Students gravitate to technology as a way of cheating


Aiden Deming

Cheating in the hands of students begins with a cell phone. Don Lugo Senior, Andreia Sales, looks at her phones’ Air Dropping capabilities at the beginning of a test. Air Dropping can be an anonymous act among students. “Kids will search worksheet titles or questions and they’ll find the whole worksheet with answers online and then Air Drop what they’ve found,” admitted one anonymous student.

Aiden Deming, Tech Reporter

Students have joked, “If you’re not cheating, you’re not trying hard enough.” And although students may laugh off the comment in a nonchalant way, the reality is…they’re not kidding. Cheating is a common phenomenon among high schoolers and continues to grow at an alarming rate.  According to the Center for Youth Ethics at the Josephson Institute in Los Angeles, “A whopping 64 percent of high school students cheated on a test at least once in the past year…while thirty-eight percent said they had cheated two or more times, and another 36 percent said they had used the Internet to plagiarize an assignment.”  Cheating is on the rise. As of 2008, the US News reported that, “students who engage in dishonest acts still hold a positive view of themselves.” Fast forward to 2019, and now you’re looking at a slew of applications and websites that give students even more ways to cheat. Students are fooling themselves if they think any form of justification for cheating is acceptable, in fact, students who can’t hold themselves responsible for their unethical behavior will most likely create a generation of copycats and plagiarizers who constantly turn to the Internet to bail them out every time academic work gets hard.

Don Lugo High School is no exception.  The group of students that once used archaic and traditional methods of cheating like secret notecards and writing answers on arms or under skirts, have now turned to phone applications such as Mathway, Photomath, Brainly, and, just to name a few. Oh, but cheating on campus with technology hasn’t stopped there. Besides asking Siri to provide students with the answers, students are well versed in creating group chats on their phones where they share documents, notes, and pictures of tests. The information being shared is easily done through text messaging or through more sophisticated means like airdropping.

One Don Lugo sophomore explained, “When I was about to start a science exam, I got a notification on my phone. I got pictures of the answer key for the exam air dropped to my phone. I didn’t use the answers, but I felt a relief that I had an out if I was desperate enough… I didn’t know who sent it, but I was grateful since I’m not one of the smart kids and I wasn’t doing well in the class, but I would have felt too guilty about cheating.”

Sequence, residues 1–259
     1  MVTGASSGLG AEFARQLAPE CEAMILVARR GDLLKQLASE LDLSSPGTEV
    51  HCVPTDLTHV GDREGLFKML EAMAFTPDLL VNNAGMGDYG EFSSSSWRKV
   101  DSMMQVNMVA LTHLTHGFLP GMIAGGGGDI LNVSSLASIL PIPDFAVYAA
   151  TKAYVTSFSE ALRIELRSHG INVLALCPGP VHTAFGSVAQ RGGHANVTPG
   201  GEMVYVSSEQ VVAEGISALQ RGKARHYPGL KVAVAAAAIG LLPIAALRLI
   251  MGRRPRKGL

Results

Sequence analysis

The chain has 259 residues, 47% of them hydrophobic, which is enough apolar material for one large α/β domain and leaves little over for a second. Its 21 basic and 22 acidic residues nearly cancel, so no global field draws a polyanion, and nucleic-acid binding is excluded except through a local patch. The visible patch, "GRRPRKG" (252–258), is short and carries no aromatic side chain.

Out of desperation, students are putting themselves at risk for the consequences that can come from cheating, although most cheating is handled by each individual teacher on campus. According to the Chino Valley Unified School District Parent and Student Handbook:

The Chino Valley Unified Parent Handbook lays out the policy for students with cell phones. Most parents and teachers don’t read the 33 page book. “It’s way too long of a book. Who has that kind of time?” commented a Don Lugo parent.




Which means, teachers have the right and support from the district to have students turn off phones and confiscate a phone for any of the above reasons. The problem is, not all teachers feel it’s necessary to start taking phones away or banning them from their classroom. Technology, in an educational setting, has a place in the classroom if it’s in the right hands, and there are plenty of teachers on campus who see technology as a useful tool.

AP Economics teacher Mr. Highstreet said, “Because of cell phones, the world is at students fingertips. Why wouldn’t I use that as a tool? I think it comes down to assessment. Teachers have to word questions in a way that gets to the heart of the skill or content the student needs to know. If I was asking basic questions that were easy to look up or multiple choice questions, then I’m knowingly putting myself at risk for kids to cheat.”

AP English 11 teacher, Mrs. Lord explained, “I think as educators we have an obligation to teach students to use technology ethically and responsibly. Students have always been ingenious and had found ways to cheat before it’s advent. I don’t think we ban technology…we have to change the intrinsic motivation and systematic habits that lead [students] to feel that this is their only option.”

Teachers on campus can no longer turn a blind eye to the rising technological wonders of the cell phone by not knowing all the methods by which students cheat.  Both, students and teachers, should be well aware of not just the opportunities students have, but also the reasons why the temptation to cheat may lead them down the proverbial path. The reason why we use the idiom phrase, “cheaters never prosper” is because we know that those who turn to a means of cheating to gain knowledge will eventually have to face the consequences of their actions. Whether its ignorance or desperation, no matter how much technological power you have, cheating is academically unethical, and the attitude that “it’s no big deal” is an even bigger predictor that cheating is a moral issue. In the future, if students want to face an entire day of no cell phones at school, they might want to reconsider how easy it is to use them before they end up not being able to have them at all.